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As Business Model Matures, B2B Subscriptions Have Become Hot Growth Area

Over the last two years, the rate at which consumers sign up for subscriptions has jumped significantly, leading some companies to consider the model for their business-to-business (B2B) relationships as well.

Russell Klein, chief commercial officer at BigCommerce, noted that businesses are constantly looking for predictability in their vendor and client relationships, which makes subscriptions appealing, especially as more commerce moves online.

“It comes down to de-risking this relationship, extending out the lifetime value and then carving up that pie a little bit,” Klein told PYMNTS in a recent interview. “If I as a seller can get more lifetime value, then on the flip side, I can either keep that or give part of it back in the form of discounts, rebates or other ways to keep that customer — who’s given me their money on a regular basis — that much happier.”

To that end, BigCommerce is partnering with Chargify, a billing and subscription management tool for B2B Software-as-a-Service (SaaS) companies, to provide merchants using the eCommerce software platform a way to manage, track and analyze subscription activity to decrease churn and strengthen customer relationships. The integration will allow both direct-to-consumer (D2C) and B2B merchants to sell products on subscription directly through their BigCommerce store, removing the need to change third-party systems.

“The more you have these solution providers that take the challenge out of it and present it in an easy onboarding, friction-free manner, the more we’ve seen a significant bending of the curve of merchants testing out subscriptions,” Klein said.

Barrow Hamilton, chief product officer at Chargify, told PYMNTS that his company has seen an acceleration of subscription activity over the past 18 months, “as more and more businesses understand the value they can provide to their customers in a recurring subscription model.” The partnership with BigCommerce, he said, works well because of how the companies complement each other.

“We have the ability to do an integration like this very seamlessly to create a great experience for customers of BigCommerce that want to also offer subscription services as part of their overall offerings in the market,” Hamilton said.

PYMNTS research, conducted in collaboration with sticky.io, found that 81% of Americans now subscribe to at least one subscription service, a 13% increase since February 2020. Two-thirds of consumers have a streaming service subscription, while 32% have a subscription for online gaming and 24% have one for consumer retail products.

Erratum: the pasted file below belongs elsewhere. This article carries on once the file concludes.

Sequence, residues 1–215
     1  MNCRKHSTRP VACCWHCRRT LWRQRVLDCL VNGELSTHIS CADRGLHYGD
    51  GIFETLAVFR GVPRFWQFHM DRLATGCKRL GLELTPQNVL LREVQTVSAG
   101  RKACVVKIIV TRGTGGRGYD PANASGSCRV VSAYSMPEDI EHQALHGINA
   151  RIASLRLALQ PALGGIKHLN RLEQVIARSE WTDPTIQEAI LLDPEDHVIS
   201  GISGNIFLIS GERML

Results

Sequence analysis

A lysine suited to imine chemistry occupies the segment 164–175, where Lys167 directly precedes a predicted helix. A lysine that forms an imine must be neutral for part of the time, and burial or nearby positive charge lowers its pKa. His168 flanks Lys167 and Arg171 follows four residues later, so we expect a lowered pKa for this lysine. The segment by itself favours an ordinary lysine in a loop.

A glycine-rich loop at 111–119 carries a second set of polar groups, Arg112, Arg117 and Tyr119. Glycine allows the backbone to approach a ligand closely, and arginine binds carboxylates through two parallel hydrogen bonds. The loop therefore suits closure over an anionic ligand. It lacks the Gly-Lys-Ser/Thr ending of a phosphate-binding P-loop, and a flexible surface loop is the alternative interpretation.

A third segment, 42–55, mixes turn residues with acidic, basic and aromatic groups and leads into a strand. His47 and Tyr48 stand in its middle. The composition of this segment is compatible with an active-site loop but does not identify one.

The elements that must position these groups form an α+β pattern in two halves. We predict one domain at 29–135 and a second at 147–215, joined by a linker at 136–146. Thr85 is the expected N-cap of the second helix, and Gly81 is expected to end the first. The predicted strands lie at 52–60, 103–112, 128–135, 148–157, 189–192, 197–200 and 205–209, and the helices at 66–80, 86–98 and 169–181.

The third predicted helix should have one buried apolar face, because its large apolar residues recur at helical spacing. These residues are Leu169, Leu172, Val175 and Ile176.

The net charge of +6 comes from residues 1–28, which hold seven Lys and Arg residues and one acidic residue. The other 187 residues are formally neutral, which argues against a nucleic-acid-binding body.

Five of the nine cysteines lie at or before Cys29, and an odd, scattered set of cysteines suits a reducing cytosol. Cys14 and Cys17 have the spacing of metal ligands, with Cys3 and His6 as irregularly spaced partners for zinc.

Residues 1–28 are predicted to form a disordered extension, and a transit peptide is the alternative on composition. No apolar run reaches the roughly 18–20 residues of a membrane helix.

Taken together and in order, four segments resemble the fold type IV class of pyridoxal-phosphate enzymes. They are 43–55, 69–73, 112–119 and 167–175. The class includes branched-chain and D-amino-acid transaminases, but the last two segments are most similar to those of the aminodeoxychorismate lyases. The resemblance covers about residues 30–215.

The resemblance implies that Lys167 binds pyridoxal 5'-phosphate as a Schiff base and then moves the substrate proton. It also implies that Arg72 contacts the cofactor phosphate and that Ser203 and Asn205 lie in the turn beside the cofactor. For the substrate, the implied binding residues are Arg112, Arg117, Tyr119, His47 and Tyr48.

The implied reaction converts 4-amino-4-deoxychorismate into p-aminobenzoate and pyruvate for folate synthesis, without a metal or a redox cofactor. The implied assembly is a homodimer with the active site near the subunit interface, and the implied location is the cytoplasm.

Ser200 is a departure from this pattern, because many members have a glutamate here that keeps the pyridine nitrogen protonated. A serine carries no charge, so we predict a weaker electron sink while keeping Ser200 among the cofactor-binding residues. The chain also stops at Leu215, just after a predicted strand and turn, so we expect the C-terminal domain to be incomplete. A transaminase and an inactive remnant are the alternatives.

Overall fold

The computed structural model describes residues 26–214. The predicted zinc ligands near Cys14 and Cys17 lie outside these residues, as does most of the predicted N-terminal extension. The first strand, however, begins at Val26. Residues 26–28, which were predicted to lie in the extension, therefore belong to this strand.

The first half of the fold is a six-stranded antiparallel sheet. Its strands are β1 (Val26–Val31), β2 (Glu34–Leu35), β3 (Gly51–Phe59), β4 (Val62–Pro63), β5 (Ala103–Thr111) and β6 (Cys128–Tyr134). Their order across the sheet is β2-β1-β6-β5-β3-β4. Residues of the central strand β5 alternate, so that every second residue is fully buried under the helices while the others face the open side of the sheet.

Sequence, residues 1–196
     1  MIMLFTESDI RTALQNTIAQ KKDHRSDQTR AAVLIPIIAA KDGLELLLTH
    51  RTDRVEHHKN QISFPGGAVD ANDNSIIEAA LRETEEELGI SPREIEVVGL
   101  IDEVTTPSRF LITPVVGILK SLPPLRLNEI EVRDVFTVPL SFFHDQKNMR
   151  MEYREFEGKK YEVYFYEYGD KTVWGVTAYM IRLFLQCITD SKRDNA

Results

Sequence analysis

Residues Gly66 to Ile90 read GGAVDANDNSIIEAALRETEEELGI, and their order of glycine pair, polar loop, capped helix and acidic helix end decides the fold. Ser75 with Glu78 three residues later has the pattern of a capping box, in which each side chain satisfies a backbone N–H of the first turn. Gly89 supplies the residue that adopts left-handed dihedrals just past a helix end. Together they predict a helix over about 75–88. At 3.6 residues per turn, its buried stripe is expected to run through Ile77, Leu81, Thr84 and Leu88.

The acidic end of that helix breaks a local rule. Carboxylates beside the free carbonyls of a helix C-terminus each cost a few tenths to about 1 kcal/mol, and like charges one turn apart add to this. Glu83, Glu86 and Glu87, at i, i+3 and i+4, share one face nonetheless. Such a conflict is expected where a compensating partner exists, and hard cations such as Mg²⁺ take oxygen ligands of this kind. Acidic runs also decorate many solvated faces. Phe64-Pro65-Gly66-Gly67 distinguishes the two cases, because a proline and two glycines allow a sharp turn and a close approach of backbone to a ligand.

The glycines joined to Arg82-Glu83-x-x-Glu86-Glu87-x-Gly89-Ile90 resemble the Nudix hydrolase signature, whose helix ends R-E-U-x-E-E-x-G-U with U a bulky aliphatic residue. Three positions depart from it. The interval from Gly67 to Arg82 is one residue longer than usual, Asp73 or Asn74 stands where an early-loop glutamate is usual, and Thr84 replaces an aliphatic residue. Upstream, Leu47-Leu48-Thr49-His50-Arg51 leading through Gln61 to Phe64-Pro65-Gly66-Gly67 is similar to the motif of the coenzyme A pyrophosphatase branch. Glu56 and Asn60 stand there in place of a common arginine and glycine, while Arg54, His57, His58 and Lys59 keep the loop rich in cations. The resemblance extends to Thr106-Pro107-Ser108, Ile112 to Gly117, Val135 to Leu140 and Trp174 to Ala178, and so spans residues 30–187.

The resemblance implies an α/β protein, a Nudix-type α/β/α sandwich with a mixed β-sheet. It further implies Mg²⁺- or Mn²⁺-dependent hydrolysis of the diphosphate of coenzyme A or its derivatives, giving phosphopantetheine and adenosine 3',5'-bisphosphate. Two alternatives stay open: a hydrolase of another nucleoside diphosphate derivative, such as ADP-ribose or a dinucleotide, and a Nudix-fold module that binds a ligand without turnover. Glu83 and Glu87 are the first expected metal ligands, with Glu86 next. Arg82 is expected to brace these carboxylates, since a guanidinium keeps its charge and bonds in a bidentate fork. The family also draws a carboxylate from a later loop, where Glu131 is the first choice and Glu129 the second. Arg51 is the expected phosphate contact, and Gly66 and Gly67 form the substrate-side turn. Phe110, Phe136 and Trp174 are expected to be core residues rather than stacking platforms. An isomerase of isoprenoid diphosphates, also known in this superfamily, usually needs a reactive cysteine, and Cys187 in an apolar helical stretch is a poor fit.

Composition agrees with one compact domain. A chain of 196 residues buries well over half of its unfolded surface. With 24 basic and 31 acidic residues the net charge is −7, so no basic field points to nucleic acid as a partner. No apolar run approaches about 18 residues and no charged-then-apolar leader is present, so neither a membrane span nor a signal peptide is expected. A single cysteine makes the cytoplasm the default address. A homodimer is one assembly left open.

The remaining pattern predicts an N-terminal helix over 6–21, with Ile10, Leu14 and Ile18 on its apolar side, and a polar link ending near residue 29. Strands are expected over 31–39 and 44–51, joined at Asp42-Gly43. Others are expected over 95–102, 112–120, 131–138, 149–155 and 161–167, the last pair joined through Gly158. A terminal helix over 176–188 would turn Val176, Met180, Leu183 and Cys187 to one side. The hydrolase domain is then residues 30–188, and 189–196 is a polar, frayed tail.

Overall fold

See also: New Data Cites Flexibility, Discounts as Top Retail Subscription Churn Fighters

“Subscriptions are not the panacea for 100% of the transactions or the transactional relationship with a customer,” Klein said. “But it’s surprising if you look around all the four corners of eCommerce how many different creative use cases there are, once there’s a trusted relationship.”

Overcoming Hurdles

One of the primary barriers for a business when moving to a subscription model is “the ability to execute,” Hamilton said, which means having a streamlined billing and invoicing system alongside a customer-friendly way to get people signed up.

“You can imagine as you scale up and you have hundreds of thousands of customers and they’ve all signed up for subscriptions on different dates, which dictate when things like renewals need to occur and invoices need to go out,” he said. “That, to me, is the biggest hurdle — just having the systems and operational processes in place.”

More than one-quarter of subscribers experienced a declined payment within the past 12 months, according to PYMNTS research, with only 68% of consumers who experience a declined payment updating their information to keep the subscription current. Another 17% let the subscriptions terminate, while 10% switched to a competing service provider.

FlexPay CEO Darryl Hicks told Karen Webster in a recent interview that companies need to be proactive about fixing failed payments, which account for 48% of churn. “We see that a lot of merchants think churn is happening in customer service or [because] people are dissatisfied with the product or service,” he said. “But if they’re not focused on the failed payments, they’re missing 48% of the problem.”

The top-decile performers, Hicks added, also “have a very data-driven approach” to identifying points of friction.

“[Payment authorization management and avoiding failed payments are] things that top-performing merchants really spend a lot of time thinking about,” he told Webster. “It’s typically someone on the finance team, or it might be someone on the product team who’s responsible for optimizing the P&L — but at a certain scale, there’s someone who’s focused on payment authorization management and looking at what we can do to make … our interactions with our customers as frictionless and seamless as possible.”

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